Posts Tagged ‘Jeff Hall’

In The Heat Of The Night

December 9, 2020

            Not! Some of the news of the past week reinforces why the more things change, the more they stay the same. In The Heat Of The Night romantically tried to suggest change, or the mechanics of inevitable change. But this week’s news, taken together, gives a totally different and more sobering portrait. President elect Biden has proffered retired General Lloyd Austin as incoming Secretary of Defense. Upon retiring Austin gladly joined the board of Raytheon, a major defense department contractor and proud member of the military industrial complex. Now Austin will leave the “selling” side and be on the “buying” side of the equation. The revolving door continues to spin with the transition of power. Closer to home preliminary autopsy results indicate Casey Goodson Jr. suffered a homicide at the hands of Franklin County SWAT deputy Jason Meade. Meade shot Goodson multiple times in the torso at the doorstep of Goodson’s residence. Goodson was not under any investigation or warrant for arrest, etc. What the motive for shooting multiple rounds into an innocent man remains to be manipulated though “the deputy feared for his life” whispers in the bushes. Indeed, in the midst of the BLM protests re-elected Columbus mayor Andrew Ginther painted an equally romantic portrait of change for Columbus city administration as well as policing. Double indeed, this rhetoric of change within the department of policing was mouthed by Ginther when the new chief was hired to replace outgoing chief Kim Jacobs in 2019. The new chief, Tom Quinlan, was specifically chosen over his out of state contender because Quinlan had risen through the ranks of the Cols. PD and was therefore more “familiar” with the workings of the department, as well as the city. The Dispatch reports that Ginther had directed Quinlan to have the Ohio Bureau of Criminal Investigation run the Goodson homicide investigation (rather than the Cols. PD). OBCI (under the direction of Ohio’s Attorney General Dave Yost) deferred, claiming they were asked to take over too late (3 days in). So much for being “familiar” with how the city and department of policing works. Even closer to home, Newark, this week’s news is a BOGO. We have the revolving door AND the “familiar” raison d’etre combined! Headlined “Mayor appoints former police sergeant to Newark safety director” Victor Black reports on the transition of power (Advocate,12-8-20). “Newark Mayor Jeff Hall announced Monday the appointment of [Tim] Hickman to replace Steve Baum, who became police chief in July. Hickman spent 32 years in the police department before his retirement and the last two years with the Department of Development, primarily supporting property maintenance.” “The new safety director, who was sworn in on Monday, said he does not plan on making any major changes to the position.” “”Tim brings years of experience with our wonderful city and displays great leadership skills and enthusiasm,” [Newark mayor Jeff] Hall said. “I congratulate Tim on his new position and look forward to working with him as we continue to move the city of Newark forward.”” Folks, you can’t make this stuff up. Put away your fictional reality of change presented by a book, movie or TV series. The mechanics of inevitable change, not!, is present, front and center, everyday. Just follow the news!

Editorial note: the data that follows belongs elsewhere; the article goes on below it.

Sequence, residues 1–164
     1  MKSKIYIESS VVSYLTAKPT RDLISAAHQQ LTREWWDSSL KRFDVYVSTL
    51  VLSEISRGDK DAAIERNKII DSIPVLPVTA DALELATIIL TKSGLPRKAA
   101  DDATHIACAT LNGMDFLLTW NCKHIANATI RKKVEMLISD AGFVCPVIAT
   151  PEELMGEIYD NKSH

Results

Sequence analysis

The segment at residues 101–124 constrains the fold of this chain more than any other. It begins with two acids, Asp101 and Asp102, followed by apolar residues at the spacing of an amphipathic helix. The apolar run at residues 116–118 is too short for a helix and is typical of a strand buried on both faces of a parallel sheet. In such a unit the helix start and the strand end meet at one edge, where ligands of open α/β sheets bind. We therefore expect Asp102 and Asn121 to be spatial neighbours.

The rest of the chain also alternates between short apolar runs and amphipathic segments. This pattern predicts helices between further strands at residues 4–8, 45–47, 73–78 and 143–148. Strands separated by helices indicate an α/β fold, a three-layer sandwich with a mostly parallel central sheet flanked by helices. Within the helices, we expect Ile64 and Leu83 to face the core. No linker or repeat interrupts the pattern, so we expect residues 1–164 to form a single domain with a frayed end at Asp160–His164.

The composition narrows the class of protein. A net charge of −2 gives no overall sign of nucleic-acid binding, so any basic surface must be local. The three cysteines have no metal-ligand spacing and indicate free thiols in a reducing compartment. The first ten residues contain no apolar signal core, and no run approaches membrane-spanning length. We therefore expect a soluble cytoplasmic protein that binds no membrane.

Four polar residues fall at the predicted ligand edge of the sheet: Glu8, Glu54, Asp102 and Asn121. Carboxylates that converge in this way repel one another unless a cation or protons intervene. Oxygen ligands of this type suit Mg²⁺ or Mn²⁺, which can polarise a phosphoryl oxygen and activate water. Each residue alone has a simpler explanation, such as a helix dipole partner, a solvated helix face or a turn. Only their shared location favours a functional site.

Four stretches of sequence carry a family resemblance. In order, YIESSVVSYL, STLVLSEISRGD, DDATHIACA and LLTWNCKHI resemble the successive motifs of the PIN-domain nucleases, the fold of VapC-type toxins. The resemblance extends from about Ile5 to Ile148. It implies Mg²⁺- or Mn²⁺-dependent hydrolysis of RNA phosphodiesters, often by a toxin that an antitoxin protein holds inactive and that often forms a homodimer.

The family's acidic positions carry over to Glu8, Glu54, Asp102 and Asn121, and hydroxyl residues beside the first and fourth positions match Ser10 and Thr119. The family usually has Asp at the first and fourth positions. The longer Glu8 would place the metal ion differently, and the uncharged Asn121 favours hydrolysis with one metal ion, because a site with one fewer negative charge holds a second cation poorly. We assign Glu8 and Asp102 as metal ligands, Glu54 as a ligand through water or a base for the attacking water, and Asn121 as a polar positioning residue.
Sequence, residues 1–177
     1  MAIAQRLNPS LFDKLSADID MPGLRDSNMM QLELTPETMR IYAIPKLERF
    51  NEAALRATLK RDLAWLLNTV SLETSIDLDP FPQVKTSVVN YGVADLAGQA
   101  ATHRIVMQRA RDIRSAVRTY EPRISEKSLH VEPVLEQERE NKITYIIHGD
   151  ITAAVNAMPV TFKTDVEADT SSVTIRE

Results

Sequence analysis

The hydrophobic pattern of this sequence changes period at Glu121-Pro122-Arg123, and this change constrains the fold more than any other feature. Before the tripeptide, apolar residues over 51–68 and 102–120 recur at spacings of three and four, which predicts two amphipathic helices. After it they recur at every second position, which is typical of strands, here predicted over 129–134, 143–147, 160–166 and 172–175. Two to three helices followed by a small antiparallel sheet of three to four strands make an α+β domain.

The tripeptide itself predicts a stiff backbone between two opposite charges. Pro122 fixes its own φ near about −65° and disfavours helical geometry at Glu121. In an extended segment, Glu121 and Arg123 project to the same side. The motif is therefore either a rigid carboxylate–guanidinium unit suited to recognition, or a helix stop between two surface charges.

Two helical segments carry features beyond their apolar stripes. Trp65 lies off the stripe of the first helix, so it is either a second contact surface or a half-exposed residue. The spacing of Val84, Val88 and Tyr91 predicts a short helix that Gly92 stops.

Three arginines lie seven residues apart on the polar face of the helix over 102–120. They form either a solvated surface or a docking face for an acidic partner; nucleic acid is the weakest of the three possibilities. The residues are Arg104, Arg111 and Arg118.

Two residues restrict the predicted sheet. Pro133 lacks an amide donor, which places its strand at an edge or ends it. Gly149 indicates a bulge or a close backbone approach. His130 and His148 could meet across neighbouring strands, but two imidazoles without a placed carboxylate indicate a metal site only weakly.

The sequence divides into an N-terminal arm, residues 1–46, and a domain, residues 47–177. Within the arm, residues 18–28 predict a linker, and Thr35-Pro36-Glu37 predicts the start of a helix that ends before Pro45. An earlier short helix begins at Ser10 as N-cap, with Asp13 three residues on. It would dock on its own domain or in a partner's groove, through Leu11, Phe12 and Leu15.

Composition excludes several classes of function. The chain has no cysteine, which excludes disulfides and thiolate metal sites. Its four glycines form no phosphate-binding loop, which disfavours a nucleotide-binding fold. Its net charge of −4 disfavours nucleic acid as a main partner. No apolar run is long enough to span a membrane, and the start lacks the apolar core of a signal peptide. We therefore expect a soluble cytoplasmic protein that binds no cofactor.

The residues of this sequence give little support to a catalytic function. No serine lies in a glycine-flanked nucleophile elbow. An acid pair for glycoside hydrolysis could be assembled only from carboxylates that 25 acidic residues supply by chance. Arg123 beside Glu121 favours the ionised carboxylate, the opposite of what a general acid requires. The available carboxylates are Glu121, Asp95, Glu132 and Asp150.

What A Concept!

February 24, 2019